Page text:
“Product design works in tandem with user experience”
There are many similarities between the creative approach to designing a physical product and how we go about building a website that are often overlooked by digital designers. Put simply, they all boil down to answering two things:
- the need of the user
- the want(s) of a user
For this month’s design insight, we decided to delve deeper into the connection between physical product creation and web design. So the creative masterminds at addmustard recently undertook a workshop to illustrate the parallels between the two. Intrigued? Then read on…
WHAT WE LOOKED AT
Consideration was firstly given to what a user needs a physical product to do and, to apply this to the digital landscape, by looking at the user experience (UX) delivered by a website.
User Needs = User Experience (UX)
Let’s take the example of a rain jacket. A consumer’s first thought when deciding to purchase this product will be to benefit from its practical attributes, which in this case is to keep them dry in wet weather. As long as the jacket succeeds in doing this, a solid user experience has been delivered.
Moving this online, a website also needs to deliver the attributes it promises to its users. For example, a company who sells flights online needs a website that can allow users to input their requirements, browse flights, select different options, and ultimately make a booking. If a website doesn’t allow users to do this, or they have to put up with a painfully-slow loading time at each step of their booking, then the user experience is not satisfactory as the user’s basic need is not being fulfilled.
User Wants = Aesthetics or User Interface (UI)
Back to the the rain jacket. A consumer who knows they want to buy this product will most likely visit a shop to look at the range available, deliberating over a certain colour, the number and placement of pockets, the fit, the brand, and a combination of many other aesthetic factors. In short, they care about the look of their rain coat, as well as its practical functions, and these attributes are very important in the decision to buy.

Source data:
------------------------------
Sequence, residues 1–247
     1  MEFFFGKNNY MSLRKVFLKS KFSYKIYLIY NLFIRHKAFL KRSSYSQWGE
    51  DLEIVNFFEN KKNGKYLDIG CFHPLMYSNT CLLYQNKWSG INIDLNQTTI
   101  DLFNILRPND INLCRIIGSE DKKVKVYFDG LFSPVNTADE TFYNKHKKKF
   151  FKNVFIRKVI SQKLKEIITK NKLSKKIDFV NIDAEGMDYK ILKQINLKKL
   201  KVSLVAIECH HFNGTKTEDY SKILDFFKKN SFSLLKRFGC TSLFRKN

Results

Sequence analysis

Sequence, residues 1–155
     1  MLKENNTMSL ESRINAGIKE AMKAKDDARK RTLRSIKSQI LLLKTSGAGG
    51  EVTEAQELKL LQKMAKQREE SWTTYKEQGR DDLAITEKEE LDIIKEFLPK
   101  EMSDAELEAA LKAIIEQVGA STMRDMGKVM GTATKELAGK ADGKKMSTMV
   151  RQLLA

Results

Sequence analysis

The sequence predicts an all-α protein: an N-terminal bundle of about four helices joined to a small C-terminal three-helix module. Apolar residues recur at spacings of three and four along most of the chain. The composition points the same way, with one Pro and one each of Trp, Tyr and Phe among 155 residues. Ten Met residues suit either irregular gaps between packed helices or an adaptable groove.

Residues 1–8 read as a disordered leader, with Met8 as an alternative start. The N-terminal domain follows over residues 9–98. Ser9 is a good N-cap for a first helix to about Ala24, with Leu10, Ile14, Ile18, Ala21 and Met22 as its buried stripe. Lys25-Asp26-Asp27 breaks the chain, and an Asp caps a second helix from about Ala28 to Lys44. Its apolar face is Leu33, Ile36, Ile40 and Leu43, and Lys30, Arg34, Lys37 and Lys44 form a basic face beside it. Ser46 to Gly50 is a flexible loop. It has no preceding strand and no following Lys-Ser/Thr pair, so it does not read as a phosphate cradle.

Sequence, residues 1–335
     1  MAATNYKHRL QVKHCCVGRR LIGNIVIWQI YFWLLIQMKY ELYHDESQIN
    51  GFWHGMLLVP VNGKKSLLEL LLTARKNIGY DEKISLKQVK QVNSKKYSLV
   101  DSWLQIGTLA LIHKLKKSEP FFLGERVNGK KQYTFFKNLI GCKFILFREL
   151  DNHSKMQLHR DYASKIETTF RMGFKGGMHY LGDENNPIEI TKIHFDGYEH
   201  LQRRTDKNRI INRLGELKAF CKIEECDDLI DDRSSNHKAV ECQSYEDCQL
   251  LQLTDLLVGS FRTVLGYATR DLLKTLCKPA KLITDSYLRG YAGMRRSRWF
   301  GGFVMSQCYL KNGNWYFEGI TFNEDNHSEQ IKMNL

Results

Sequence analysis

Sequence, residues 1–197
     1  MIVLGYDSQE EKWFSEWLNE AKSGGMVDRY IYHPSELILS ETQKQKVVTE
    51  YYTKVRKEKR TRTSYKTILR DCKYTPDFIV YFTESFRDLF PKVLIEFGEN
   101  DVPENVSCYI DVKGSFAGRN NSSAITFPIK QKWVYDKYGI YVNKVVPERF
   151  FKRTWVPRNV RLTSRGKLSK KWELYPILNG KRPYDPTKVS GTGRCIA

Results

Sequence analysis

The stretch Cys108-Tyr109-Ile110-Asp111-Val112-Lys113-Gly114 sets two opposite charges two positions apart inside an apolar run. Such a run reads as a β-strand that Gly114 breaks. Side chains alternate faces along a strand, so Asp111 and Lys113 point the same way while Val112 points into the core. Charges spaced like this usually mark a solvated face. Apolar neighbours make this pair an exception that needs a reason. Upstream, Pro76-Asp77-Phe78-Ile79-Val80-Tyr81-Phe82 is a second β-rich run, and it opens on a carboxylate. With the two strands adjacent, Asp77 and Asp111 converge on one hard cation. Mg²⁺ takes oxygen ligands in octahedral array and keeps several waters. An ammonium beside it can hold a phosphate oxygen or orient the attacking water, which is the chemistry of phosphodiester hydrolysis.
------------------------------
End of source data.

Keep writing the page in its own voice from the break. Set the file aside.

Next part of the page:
Visual appearance is equally of great importance in the digital world, too. A good illustration of this can again be provided by our flight website. Imagine the user finds that they can book their flight online, but to do so they must wade through a confusing site layout and endure a lack of images and barely legible text. In this example, the website’s unpleasant User Interface overshadows its practical ability to provide the customer with a satisfactory booking experience.
“It’s false to believe that if your UI is strong, then the UX will be, too”
…and vice versa
The examples above show that this statement is as true for website creation as it is for physical products. Having a solid UX is one element, but if the user does not enjoy using it, or it is not visually appealing, the website is much more likely to fail. In the same way, having an attractive digital platform or product that doesn’t deliver on the practical promise will always fall short by deterring visitors or failing to convert.
What is clear, is that regardless of whether the product is digital or physical, designers need to remember that both UX and UI must be at the forefront of our minds throughout the creative process. The aim must be to produce a product that looks strong visually, but also delivers a solid, consistent experience for the user, therefore meeting both sets of expectations.